Continue reading ‘Effects of light and darkness on pH regulation in three coral species exposed to seawater acidification’

Diurnal cycles of coral calcifying fluid aragonite saturation state

The sensitivity of corals to ocean acidification depends on the extent to which they can buffer their calcifying fluid aragonite saturation state (Ωcf) from declines in seawater pH. While the seasonal response of the coral calcifying fluid Ωcf to seawater pH has been studied previously, relatively little is known about Ωcf dynamics on shorter (daily) timescales, particularly whether it is sensitive to seawater pH. Here, we use alizarin dye to mark 4 days of skeletal growth in the corals Acropora nasuta and Pocillopora damicornis living in situ on Ningaloo Reef in Western Australia. Exploiting newly developed confocal Raman spectroscopy techniques, we imaged the alizarin stains and quantified Ωcf between them. We report the first observations of diurnal Ωcf cycles, which were found in both species. Our results are consistent with either external control of Ωcf by seawater pH or light, or alternatively that Ωcf follows an endogenous circadian rhythm.

Continue reading ‘Diurnal cycles of coral calcifying fluid aragonite saturation state’

Physiological and biochemical responses of Emiliania huxleyi to ocean acidification and warming are modulated by UV radiation

Marine phytoplankton such as bloom-forming, calcite-producing coccolithophores, are naturally exposed to solar ultraviolet radiation (UVR, 280–400 nm) in the ocean’s upper mixed layers. Nevertheless, the effects of increasing carbon dioxide (CO2)-induced ocean acidification and warming have rarely been investigated in the presence of UVR. We examined calcification and photosynthetic carbon fixation performance in the most cosmopolitan coccolithophorid, Emiliania huxleyi, grown under high (1000 µatm, HC; pHT: 7.70) and low (400 µatm, LC; pHT: 8.02) CO2 levels, at 15 ∘C, 20 ∘C and 24 ∘C with or without UVR. The HC treatment did not affect photosynthetic carbon fixation at 15 ∘C, but significantly enhanced it with increasing temperature. Exposure to UVR inhibited photosynthesis, with higher inhibition by UVA (320–395 nm) than UVB (295–320 nm), except in the HC and 24 ∘C-grown cells, in which UVB caused more inhibition than UVA. A reduced thickness of the coccolith layer in the HC-grown cells appeared to be responsible for the UV-induced inhibition, and an increased repair rate of UVA-derived damage in the HC–high-temperature grown cells could be responsible for lowered UVA-induced inhibition. While calcification was reduced with elevated CO2 concentration, exposure to UVB or UVA affected the process differentially, with the former inhibiting it and the latter enhancing it. UVA-induced stimulation of calcification was higher in the HC-grown cells at 15 and 20 ∘C, whereas at 24 ∘C observed enhancement was not significant. The calcification to photosynthesis ratio (Cal ∕ Pho ratio) was lower in the HC treatment, and increasing temperature also lowered the value. However, at 20 and 24 ∘C, exposure to UVR significantly increased the Cal ∕ Pho ratio, especially in HC-grown cells, by up to 100 %. This implies that UVR can counteract the negative effects of the “greenhouse” treatment on the Cal ∕ Pho ratio; hence, UVR may be a key stressor when considering the impacts of future greenhouse conditions on E. huxleyi.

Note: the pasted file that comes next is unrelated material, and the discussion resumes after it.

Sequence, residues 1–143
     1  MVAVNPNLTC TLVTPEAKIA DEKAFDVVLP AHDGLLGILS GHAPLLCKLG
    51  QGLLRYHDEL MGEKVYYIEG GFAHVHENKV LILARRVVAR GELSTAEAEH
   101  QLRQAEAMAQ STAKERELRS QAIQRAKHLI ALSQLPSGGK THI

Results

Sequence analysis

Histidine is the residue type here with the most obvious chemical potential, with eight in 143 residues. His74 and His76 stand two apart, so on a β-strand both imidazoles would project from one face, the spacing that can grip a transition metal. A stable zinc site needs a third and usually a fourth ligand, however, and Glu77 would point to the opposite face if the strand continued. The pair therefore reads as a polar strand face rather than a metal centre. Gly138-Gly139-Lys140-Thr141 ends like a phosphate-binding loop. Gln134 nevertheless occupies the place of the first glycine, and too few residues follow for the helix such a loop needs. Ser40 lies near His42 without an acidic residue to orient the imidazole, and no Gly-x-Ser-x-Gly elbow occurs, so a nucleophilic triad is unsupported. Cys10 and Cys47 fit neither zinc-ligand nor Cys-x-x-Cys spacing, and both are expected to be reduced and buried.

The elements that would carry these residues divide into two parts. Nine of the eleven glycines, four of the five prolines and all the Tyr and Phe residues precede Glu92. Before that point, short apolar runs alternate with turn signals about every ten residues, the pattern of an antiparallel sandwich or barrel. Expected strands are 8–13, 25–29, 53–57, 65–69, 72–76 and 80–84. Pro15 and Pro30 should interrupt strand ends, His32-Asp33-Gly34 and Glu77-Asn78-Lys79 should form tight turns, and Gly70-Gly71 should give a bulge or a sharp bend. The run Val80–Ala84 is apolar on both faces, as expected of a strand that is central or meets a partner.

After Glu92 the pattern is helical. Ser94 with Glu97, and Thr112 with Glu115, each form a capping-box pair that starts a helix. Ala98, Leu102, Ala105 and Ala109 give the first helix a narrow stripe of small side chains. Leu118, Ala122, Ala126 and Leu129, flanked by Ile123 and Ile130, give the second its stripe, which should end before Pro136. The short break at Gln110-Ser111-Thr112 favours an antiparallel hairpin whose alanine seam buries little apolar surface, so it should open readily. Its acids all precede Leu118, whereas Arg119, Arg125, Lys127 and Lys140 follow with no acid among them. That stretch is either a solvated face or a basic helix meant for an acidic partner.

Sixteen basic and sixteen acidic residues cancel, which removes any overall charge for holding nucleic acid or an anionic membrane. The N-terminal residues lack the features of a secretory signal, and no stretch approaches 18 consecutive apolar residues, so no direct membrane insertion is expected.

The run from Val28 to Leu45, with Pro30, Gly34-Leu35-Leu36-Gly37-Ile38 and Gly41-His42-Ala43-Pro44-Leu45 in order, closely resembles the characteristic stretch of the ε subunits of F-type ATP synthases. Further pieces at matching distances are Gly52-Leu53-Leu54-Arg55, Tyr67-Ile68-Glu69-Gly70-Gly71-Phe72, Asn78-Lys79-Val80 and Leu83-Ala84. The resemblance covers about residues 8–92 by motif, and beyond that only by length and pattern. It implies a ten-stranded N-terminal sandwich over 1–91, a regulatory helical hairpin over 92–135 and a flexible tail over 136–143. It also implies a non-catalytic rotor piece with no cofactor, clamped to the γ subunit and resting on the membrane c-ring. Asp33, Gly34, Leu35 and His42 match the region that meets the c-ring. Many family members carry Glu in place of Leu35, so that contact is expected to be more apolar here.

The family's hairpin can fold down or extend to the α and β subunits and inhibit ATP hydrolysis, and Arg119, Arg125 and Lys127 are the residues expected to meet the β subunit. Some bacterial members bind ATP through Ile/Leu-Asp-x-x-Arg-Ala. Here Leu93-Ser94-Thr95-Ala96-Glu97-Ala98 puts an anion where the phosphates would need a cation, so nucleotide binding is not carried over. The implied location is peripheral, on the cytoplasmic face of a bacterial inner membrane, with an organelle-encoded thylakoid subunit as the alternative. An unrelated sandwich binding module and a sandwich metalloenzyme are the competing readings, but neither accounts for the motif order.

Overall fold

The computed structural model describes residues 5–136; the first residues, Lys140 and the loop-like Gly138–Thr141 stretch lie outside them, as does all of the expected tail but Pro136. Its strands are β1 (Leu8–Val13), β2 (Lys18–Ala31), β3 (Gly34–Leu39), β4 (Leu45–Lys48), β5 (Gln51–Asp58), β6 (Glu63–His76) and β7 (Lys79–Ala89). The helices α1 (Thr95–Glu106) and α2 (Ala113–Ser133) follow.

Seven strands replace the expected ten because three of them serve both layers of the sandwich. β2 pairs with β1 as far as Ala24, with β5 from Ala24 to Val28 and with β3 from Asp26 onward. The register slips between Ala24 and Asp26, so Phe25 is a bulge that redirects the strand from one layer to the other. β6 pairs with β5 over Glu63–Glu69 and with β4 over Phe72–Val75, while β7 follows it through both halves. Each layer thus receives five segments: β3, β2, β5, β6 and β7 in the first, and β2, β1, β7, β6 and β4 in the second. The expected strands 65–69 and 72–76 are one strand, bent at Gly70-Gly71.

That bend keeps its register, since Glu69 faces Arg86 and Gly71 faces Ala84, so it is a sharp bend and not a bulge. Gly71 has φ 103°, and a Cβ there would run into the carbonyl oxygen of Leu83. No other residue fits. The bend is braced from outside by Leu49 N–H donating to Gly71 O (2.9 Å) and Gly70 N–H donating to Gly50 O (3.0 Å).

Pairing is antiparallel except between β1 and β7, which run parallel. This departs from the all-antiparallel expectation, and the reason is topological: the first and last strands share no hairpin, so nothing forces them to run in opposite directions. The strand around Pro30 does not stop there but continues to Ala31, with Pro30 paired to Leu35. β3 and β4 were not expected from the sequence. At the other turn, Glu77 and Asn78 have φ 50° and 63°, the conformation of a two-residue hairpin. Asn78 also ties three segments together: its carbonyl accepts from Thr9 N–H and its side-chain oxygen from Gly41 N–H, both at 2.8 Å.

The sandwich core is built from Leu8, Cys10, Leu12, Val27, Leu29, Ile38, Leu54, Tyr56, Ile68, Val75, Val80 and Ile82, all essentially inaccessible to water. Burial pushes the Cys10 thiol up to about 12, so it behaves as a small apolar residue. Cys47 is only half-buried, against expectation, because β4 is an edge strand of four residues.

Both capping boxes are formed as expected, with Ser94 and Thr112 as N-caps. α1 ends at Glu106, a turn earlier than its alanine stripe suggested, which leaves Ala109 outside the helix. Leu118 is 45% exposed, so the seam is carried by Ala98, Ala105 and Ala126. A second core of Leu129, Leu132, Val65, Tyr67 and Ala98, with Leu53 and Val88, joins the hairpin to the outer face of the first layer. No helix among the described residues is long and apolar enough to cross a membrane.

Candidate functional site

Continue reading ‘Physiological and biochemical responses of Emiliania huxleyi to ocean acidification and warming are modulated by UV radiation’

Full in vivo characterization of carbonate chemistry at the site of calcification in corals

Reef-building corals form their calcium carbonate skeletons within an extracellular calcifying medium (ECM). Despite the critical role of the ECM in coral calcification, ECM carbonate chemistry is poorly constrained in vivo, and full ECM carbonate chemistry has never been characterized based solely on direct in vivo measurements. Here, we measure pHECM in the growing edge of Stylophora pistillata by simultaneously using microsensors and the fluorescent dye SNARF-1, showing that, when measured at the same time and place, the results agree. We then conduct microscope-guided microsensor measurements of pH, [Ca2+], and [CO32−] in the ECM and, from this, determine [DIC]ECM and aragonite saturation state (Ωarag), showing that all parameters are elevated with respect to the surrounding seawater. Our study provides the most complete in vivo characterization of ECM carbonate chemistry parameters in a coral species to date, pointing to the key role of calcium- and carbon-concentrating mechanisms in coral calcification.

Continue reading ‘Full in vivo characterization of carbonate chemistry at the site of calcification in corals’